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Posers and Puzzles

Posers and Puzzles

  1. Standard member ark13
    Enola Straight
    09 Apr '05 01:08
    Suppose someone comes up to you and a stranger on the street and asks you if you want to play a game. He explains that the game is very simple; you and the stranger both take out your wallets. Whoever has the least money, gets to keep the contents of both wallets. Assuming you didn't suspect any kind of fraud or trickery, would you play the game?

    You could reason that, if I have more than the stranger, he'll win just what I have. But if he has more, I'll win more than I have. Therefore, the game favors me. And the stranger can reason the same way. But they can't both have the advantage. So what's wrong with their reasoning?
  2. 09 Apr '05 01:36
    used to play this a lot at school growing up, but whoever has the most money wins the "pot". neither person has any advantage in either case.
  3. Subscriber BigDoggProblem
    The Advanced Mind
    09 Apr '05 01:58
    Originally posted by ark13
    Suppose someone comes up to you and a stranger on the street and asks you if you want to play a game. He explains that the game is very simple; you and the stranger both take out your wallets. Whoever has the least money, gets to keep the contents of both wallets. Assuming you didn't suspect any kind of fraud or trickery, would you play the game?

    You co ...[text shortened]... the same way. But they can't both have the advantage. So what's wrong with their reasoning?
    If I've got $7, I will end up with $14.01 at most, or zero at the least. It's double or nothing in that case.

    The flaw is thinking that it is better to gain money than to lose money, just because the quantity of the gain will be greater (even if only by a penny) than the quantity lost. This is why people buy lottery tickets.
  4. Standard member ark13
    Enola Straight
    09 Apr '05 02:24
    Originally posted by BigDoggProblem
    If I've got $7, I will end up with $14.01 at most, or zero at the least. It's double or nothing in that case.

    The flaw is thinking that it is better to gain money than to lose money, just because the quantity of the gain will be greater (even if only by a penny) than the quantity lost. This is why people buy lottery tickets.
    You may have misunderstood. The one with the least money gets it all. So if you've got $7 and I've got $100, you'd end up with $107. You could and probably would end up with more than $14.01
  5. 09 Apr '05 02:33
    Originally posted by ark13
    Suppose someone comes up to you and a stranger on the street and asks you if you want to play a game. He explains that the game is very simple; you and the stranger both take out your wallets. Whoever has the least money, gets to keep the contents of both wallets. Assuming you didn't suspect any kind of fraud or trickery, would you play the game?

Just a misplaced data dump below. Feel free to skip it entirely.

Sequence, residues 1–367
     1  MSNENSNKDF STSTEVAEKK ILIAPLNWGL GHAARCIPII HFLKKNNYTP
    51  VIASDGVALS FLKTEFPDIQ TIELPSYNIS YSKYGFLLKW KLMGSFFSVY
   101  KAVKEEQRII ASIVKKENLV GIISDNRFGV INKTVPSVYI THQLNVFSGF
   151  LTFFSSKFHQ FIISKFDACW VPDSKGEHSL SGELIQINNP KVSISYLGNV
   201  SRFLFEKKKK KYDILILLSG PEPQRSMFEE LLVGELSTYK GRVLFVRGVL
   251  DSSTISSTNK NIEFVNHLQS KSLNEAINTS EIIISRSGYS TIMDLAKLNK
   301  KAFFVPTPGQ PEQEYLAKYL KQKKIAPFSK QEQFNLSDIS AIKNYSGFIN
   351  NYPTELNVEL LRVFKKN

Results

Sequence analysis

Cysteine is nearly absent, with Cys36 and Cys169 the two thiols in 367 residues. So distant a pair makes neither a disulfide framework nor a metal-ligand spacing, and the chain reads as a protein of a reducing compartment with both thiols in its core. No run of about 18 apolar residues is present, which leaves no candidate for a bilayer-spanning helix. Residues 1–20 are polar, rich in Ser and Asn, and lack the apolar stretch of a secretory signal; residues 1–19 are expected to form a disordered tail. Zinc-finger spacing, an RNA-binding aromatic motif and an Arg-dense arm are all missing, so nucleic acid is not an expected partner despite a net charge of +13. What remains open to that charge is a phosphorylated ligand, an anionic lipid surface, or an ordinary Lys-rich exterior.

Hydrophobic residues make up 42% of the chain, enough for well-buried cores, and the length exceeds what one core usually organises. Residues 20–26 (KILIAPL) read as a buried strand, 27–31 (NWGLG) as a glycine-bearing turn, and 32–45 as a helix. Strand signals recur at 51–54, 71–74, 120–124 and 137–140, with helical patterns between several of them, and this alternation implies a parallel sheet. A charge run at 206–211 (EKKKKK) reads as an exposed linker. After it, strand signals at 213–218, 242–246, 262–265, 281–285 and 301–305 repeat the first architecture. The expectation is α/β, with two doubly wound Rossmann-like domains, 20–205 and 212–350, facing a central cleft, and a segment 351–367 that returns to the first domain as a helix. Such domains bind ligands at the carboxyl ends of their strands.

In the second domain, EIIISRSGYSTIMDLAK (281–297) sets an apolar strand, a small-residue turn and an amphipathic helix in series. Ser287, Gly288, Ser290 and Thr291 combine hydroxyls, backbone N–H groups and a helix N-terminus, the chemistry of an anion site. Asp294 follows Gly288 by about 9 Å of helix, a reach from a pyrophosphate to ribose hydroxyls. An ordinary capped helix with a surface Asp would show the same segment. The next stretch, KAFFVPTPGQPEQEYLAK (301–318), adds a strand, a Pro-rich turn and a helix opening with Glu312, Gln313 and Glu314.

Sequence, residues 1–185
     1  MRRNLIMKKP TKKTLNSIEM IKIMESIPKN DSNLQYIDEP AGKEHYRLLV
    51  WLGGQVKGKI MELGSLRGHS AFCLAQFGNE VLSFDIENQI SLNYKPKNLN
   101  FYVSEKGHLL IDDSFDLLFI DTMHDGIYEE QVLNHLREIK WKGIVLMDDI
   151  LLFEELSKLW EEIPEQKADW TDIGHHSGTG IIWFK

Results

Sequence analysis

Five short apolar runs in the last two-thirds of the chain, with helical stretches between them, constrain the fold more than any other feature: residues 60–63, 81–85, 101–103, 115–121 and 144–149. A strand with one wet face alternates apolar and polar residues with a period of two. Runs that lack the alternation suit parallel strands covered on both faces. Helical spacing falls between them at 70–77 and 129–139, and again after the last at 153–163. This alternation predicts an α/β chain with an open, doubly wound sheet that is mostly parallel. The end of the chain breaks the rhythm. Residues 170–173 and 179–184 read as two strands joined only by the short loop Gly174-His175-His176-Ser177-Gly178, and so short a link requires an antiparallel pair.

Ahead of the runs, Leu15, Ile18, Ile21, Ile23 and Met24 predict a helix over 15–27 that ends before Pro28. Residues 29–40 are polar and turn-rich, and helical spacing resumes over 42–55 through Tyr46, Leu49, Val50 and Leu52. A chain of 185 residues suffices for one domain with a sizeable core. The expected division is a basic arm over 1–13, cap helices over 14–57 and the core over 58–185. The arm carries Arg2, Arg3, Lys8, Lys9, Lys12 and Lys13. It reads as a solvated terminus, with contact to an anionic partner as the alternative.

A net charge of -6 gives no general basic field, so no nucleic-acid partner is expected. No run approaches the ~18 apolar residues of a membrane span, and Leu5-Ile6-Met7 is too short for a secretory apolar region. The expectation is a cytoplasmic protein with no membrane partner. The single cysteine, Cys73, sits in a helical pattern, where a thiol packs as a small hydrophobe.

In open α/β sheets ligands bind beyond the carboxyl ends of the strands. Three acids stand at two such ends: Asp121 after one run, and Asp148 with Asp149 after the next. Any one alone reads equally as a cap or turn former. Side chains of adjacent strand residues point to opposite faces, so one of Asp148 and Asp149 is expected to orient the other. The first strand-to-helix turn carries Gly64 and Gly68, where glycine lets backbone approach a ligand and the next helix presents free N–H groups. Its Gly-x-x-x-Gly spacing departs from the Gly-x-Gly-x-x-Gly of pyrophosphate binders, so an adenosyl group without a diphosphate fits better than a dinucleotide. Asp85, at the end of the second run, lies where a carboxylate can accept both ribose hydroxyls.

You co ...[text shortened]... the same way. But they can't both have the advantage. So what's wrong with their reasoning?
    I think the fallacy in the thinking lies in the fact that the above reasoning does not really consider expected payoff properly -- i think it is making some kind of implicit assumption that there is roughly equal probability of my winning or losing the game, but this should depend on how much i am carrying in my wallet (which is known to me).

    consider the case in which I am (for some random reason) carrying 5000 dollars in my wallet. Then the reasoning that I am always better off to play the game will fail miserably because not too many people carry that kind of cash on them.

    that is sort of an extreme case, but the idea is that your expected payoff should depend on how much cash you are carrying and on how much the average person you meet on the streets would be expected to be carrying.

    of course, if your wallet is empty, like mine too often, then you'd be crazy to not play...
  6. Subscriber BigDoggProblem
    The Advanced Mind
    09 Apr '05 03:34
    Originally posted by ark13
    You may have misunderstood. The one with the least money gets it all. So if you've got $7 and I've got $100, you'd end up with $107. You could and probably would end up with more than $14.01
    No, I did not.

    I repeat: the flaw in the reasoning is that the quantity of potential gain vs. potential loss does not matter. The only thing that matters is that you have a 50% chance of winning.
  7. Standard member Nemesio
    Ursulakantor
    09 Apr '05 04:19
    Originally posted by BigDoggProblem
    The only thing that matters is that you have a 50% chance of winning.
    This is simply not true.

    Generally, I have about 100% chance of winning or at least drawing because I seldom
    carry any cash with me.

    My father, on the other hand, is literally a walking bank. The average person wouldn't
    have 1/10 the money he typically carries around, and so the chances of his winning are
    very, very slim.

    In order to understand the odds, one would have to know what the average amount of
    money a person carries on them and then make a determination.

    Nemesio
  8. Subscriber BigDoggProblem
    The Advanced Mind
    09 Apr '05 04:48
    Originally posted by Nemesio
    This is simply not true.

    Generally, I have about 100% chance of winning or at least drawing because I seldom
    carry any cash with me.

    My father, on the other hand, is literally a walking bank. The average person wouldn't
    have 1/10 the money he typically carries around, and so the chances of his winning are
    very, very slim.

    In order to understand ...[text shortened]... the average amount of
    money a person carries on them and then make a determination.

    Nemesio
    The problem does not mention how much money you or a stranger might have. The "you" in this case is only hypothetical.

    It is just as likely that a stranger has no money and you have a few pennies; therefore, even in your case personally, it's still 50/50. You may know alot about yourself, but you know nothing of the stranger.

    This is much like the old "no more children after one female is born" problem. The odds stay 50/50 unless you are willing to introduce the nuances of human society into the equation as probability. Such equations would be waaaaay too complicated to make for a good puzzle.

    The wording of the original puzzle does not mean "you" in the literal sense; I believe it to be hypothetical, especially in light of the final question: Why do both players think they have an advantage, when it is not possible for both to have the advantage simultaneously?